Our Farm

Our organic farm is located at 1200 meters above sea level above the Zell am See.

The cultivated total area of ​​approx. 27 ha is divided into approx. 15 ha of meadows and steep slopes, which are mowed twice, 10 ha are alpine pastures and the rest is groomed.
The Holzeggalm borders directly on the fields and is only grazed by the farm's own animals.

The cows were milked at the Holzegghof for a long time and the milk was delivered to the dairy, until Sepp and Helene decided in 2010 to switch from dairy cows to suckler cows and a playpen operation. The suckler cow husbandry offers the best conditions for a natural and animal-friendly rearing of the young animals. Our cows can spend the summer on our alpine pasture with their calves.

The herd with 11 suckler cows consists of the "Pinzgauer" cattle breed, which is typical of the region. With its reddish-brown to chestnut-colored fur and the breed-typical white markings from the withers across the back and rear of the thighs; belly, underbust, udder and tail are known. In addition, they wear white stripes over the lower leg and upper arm, the so-called "Fatschen".
In January 2016 the Pinzgauer herd became a bit more colorful with the purchase of the first original "Tiroler Grauvieh" cow Lucci. We found this cattle breed from the neighboring state of Tyrol to be particularly popular and have already added three more gray cattle to the stock. Like the Pinzgau cattle, this breed is also threatened with extinction and is therefore particularly promoted for conservation. The "Tiroler Grauvieh" has silver to iron-gray fur, a dark snout that is lined with light and black claws.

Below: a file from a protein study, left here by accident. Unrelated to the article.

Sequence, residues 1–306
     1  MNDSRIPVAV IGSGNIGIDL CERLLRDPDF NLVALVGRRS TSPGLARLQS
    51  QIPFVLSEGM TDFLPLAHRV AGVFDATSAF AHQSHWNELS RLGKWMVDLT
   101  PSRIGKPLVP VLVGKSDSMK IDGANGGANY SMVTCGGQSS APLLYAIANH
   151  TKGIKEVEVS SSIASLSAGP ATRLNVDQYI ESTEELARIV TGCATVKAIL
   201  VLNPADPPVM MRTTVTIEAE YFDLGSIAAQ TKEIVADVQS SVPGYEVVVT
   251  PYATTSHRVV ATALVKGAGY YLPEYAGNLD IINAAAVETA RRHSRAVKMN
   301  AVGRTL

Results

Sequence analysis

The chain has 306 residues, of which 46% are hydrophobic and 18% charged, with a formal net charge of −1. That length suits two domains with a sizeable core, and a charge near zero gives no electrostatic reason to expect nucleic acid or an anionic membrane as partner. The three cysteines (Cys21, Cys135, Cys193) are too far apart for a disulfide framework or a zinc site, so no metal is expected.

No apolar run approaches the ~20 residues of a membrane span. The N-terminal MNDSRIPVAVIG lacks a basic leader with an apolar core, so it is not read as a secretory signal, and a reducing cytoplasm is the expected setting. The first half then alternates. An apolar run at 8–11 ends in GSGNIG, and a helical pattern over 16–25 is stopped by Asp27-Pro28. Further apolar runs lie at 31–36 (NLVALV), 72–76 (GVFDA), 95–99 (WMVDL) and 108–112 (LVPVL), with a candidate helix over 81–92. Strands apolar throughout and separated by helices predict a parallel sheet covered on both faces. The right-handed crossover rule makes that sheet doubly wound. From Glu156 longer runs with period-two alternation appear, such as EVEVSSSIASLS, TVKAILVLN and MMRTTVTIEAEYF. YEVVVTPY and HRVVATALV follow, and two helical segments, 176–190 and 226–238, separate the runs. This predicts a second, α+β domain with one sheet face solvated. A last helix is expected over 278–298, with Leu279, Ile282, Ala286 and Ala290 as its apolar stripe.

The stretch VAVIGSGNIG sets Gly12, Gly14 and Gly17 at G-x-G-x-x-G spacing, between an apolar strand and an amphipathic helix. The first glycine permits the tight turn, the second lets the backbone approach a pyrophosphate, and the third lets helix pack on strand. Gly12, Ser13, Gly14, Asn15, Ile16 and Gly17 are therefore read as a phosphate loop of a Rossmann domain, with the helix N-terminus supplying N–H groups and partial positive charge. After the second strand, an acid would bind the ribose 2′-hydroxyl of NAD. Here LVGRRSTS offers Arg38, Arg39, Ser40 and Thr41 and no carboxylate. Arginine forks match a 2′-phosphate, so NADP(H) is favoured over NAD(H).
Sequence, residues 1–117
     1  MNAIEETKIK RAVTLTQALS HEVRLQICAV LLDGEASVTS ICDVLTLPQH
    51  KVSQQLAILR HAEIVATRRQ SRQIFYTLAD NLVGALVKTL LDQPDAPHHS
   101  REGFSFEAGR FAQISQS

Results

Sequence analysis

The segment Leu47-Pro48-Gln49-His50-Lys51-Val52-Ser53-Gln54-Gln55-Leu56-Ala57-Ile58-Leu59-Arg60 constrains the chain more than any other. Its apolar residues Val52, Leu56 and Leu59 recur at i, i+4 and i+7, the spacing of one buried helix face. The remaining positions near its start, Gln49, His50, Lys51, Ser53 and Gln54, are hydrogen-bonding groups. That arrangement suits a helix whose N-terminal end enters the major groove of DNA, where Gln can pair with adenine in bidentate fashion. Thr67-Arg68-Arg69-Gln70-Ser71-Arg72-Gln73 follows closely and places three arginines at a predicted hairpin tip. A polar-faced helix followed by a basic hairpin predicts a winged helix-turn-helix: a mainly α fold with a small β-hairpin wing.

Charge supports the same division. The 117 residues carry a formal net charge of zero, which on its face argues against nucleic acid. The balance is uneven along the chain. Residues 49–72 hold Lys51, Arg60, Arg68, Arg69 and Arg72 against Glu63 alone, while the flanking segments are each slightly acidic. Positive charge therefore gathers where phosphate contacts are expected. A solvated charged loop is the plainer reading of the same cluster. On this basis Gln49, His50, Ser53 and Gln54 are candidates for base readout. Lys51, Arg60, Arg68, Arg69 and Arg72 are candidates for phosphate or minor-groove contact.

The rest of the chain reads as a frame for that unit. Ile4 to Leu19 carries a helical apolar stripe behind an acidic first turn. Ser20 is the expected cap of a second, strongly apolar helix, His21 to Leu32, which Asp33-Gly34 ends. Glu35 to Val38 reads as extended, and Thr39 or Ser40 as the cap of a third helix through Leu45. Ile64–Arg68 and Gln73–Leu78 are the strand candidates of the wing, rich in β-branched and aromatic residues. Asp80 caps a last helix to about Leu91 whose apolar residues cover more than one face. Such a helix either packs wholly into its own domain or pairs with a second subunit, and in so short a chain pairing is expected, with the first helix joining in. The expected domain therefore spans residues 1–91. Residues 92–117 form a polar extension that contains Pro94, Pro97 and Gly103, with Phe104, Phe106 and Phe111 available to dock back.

In addition to small animals such as chickens and cats, the two ponies "Jeanny" and "Rocko" also belong to our livestock.

From June to October the animals are on the Holzeggalm and enjoy the juicy grass and herbs.

 

In summer, the fields are mown twice to allow hay and silage (wet feed) to care for the animals in winter.

Our guests are welcome to experience and participate in the work process on the farm.